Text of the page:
The Physics Behind Music

Instructor: B H Suits, Fisher 105.
Text: There is no required text. Many, but not all, of the topics covered can be found in the book "Measured Tones, 2nd Ed." by Ian Johnston (IOP Publishing, 2002), ISBN 0 7503 0762 5 , which you can get from any good quality book vender. A shorter online reference can be found here.

Please report any broken links you find.

Course Description:

PH1090 The Physics Behind Music (3-0-0) f ... 3 Cr

Physics concepts and methods associated with musical instruments, musical recording, and musical acoustics are discussed at an introductory level. Topics which can be expected include periodic motion, normal modes and resonance, superposition and Fourier series, waves, sound and acoustics, magnetism and electromagnetic induction, and topics from non-linear physics.

Prerequisite: Calculus ready

For the most up-to-date catalog copy, go to the MTU Catalog


If you need to be absent (for "excusable" reasons) contact your instructor to make up the missed work. If possible, make arrangements ahead of time. See the MTU student handbook section on policies for examples of excused absences.


In Class Problems:
During most classes there will be a few problems for you to do which are handed in at the end of class and which are graded. You are encouraged to ask for help, consult others, etc., to successfully complete these problems.

Homework Problems:
Homework problems are on blackboard ( and are available for about 4 days after the corresponding lecture. These are graded.

Practice problems will be also available on the course pages at for additional study. Self-tests are similar to the homework but are not graded. Note that similar problems may appear on the hour and final exams. You will also find practice exam problems in a separate folder as a pdf file.

Hour and Final Exams:
There are two hour exams and a final. The hour exams take place during a normal class period. Consult MTU's final exam schedule for the time and location for the 2 hour comprehensive final.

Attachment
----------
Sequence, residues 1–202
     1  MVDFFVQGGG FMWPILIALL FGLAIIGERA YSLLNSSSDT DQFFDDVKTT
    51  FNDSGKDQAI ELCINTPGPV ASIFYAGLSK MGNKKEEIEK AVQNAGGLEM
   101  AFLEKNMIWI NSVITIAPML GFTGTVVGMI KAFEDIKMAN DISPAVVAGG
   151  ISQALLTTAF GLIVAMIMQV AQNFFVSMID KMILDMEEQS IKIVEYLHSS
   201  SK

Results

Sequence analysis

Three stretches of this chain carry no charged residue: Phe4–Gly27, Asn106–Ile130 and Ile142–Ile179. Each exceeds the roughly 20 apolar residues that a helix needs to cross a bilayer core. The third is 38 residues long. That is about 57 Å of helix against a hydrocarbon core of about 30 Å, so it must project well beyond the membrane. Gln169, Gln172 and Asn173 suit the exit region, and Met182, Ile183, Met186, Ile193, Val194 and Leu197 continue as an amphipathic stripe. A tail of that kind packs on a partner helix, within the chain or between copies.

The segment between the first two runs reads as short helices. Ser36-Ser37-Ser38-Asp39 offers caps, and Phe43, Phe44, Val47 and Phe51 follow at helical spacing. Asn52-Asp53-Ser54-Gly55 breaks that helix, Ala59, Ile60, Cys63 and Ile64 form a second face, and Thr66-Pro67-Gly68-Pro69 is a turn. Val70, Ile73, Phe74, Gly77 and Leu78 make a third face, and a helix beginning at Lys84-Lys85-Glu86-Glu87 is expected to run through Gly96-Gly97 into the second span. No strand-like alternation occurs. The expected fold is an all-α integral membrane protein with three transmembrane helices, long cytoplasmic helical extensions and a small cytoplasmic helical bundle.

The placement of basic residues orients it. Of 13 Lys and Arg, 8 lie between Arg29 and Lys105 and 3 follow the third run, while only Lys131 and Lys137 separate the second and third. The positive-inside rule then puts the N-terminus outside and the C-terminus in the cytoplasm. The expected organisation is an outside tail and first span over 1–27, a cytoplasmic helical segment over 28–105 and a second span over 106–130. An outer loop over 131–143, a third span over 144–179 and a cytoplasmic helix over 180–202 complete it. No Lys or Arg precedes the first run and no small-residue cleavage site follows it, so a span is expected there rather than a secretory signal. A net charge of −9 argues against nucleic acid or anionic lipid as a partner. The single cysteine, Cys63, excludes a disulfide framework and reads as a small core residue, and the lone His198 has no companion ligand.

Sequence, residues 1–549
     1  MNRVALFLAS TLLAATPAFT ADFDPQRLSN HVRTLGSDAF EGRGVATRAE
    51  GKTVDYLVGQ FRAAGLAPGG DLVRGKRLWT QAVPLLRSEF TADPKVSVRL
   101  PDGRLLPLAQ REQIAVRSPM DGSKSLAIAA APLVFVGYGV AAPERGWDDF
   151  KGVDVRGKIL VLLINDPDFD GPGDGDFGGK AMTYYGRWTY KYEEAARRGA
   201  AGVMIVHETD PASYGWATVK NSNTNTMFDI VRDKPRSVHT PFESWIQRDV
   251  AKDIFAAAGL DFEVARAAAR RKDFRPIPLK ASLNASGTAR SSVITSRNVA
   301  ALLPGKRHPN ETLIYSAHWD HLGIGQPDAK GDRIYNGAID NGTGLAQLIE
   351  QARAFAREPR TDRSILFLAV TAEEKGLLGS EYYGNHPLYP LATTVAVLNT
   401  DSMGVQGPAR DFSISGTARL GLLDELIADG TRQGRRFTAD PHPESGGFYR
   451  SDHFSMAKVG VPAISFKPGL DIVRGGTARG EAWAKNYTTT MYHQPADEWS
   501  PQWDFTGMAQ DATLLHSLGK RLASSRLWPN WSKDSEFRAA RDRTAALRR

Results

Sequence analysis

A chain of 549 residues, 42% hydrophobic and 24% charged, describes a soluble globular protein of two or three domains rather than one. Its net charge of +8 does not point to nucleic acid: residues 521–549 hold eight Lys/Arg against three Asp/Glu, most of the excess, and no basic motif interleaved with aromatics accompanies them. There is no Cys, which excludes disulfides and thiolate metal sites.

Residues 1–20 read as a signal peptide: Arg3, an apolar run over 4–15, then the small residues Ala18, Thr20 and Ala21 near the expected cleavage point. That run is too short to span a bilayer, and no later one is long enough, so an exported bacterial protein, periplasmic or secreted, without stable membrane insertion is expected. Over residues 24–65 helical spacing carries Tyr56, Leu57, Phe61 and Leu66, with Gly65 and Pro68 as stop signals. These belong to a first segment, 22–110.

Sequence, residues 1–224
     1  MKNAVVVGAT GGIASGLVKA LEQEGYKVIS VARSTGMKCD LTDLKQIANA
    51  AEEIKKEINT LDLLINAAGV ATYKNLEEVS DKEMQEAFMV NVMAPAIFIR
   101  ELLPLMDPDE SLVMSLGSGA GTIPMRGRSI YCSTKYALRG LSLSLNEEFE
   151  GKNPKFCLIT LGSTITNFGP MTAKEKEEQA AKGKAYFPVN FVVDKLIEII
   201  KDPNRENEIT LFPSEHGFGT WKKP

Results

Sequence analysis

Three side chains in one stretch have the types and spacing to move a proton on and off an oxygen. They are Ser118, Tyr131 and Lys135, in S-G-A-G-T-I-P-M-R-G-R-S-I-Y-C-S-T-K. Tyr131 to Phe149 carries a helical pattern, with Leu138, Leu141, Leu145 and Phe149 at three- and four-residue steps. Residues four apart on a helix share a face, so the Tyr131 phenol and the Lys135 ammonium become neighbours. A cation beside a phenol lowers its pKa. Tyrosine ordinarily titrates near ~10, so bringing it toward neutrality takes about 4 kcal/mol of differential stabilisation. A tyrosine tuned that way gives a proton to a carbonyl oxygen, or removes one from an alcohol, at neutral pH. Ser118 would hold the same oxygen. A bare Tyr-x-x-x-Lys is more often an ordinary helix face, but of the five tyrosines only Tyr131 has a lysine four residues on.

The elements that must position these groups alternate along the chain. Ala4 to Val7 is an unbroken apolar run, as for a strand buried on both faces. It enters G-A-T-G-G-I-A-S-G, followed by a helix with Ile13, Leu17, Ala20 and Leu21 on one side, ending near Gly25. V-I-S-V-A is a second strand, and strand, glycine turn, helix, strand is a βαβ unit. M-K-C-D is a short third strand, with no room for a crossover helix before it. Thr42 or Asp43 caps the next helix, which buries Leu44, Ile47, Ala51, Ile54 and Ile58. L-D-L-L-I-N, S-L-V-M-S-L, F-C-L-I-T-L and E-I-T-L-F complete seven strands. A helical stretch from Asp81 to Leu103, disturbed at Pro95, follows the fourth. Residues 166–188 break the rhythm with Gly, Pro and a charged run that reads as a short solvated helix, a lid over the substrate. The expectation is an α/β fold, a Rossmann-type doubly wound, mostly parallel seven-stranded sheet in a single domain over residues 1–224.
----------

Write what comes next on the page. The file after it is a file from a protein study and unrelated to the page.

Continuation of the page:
No notes, consultation, etc., are allowed for the exams

PH1090 Grades

Your course grade will be based on the combination of your scores for problems* from each class, the hour exams, and final exam grades with the following weights:

Sum of all problems* (as a percentage) 1/3
Hour exam 1 1/6
Hour exam 2 1/6
Final Exam (out of 100) 1/3

There is no "curve" of any kind. (That is, it is possible for everyone to get an A ...).

You can estimate your letter grade using the following scheme:

A 86-100        C65-69
AB81-85        CD60-64
B75-80        D55-59
BC70-74        F0-54
(This is for use as a guideline only, adjustments to this scheme may be made when final grades are assigned.)

* "Problems" includes the in class problems and the online homework problems. Please also note that for the problems, which are open notes, etc., scores greater than 90% are expected.

Some grades will be visible to you by clicking on the "My Grades" tool at the course page at The "Midterm Grade," when present, is a current estimate of where you stand.

Auditors - Please Note

If you are an official auditor, please let the instructor know. There is a grade associated with an audit (Satisfactory/Unsatisfactory). If you care about that grade, you will need to find out what you need to do. You will not automatically get a Satisfactory grade.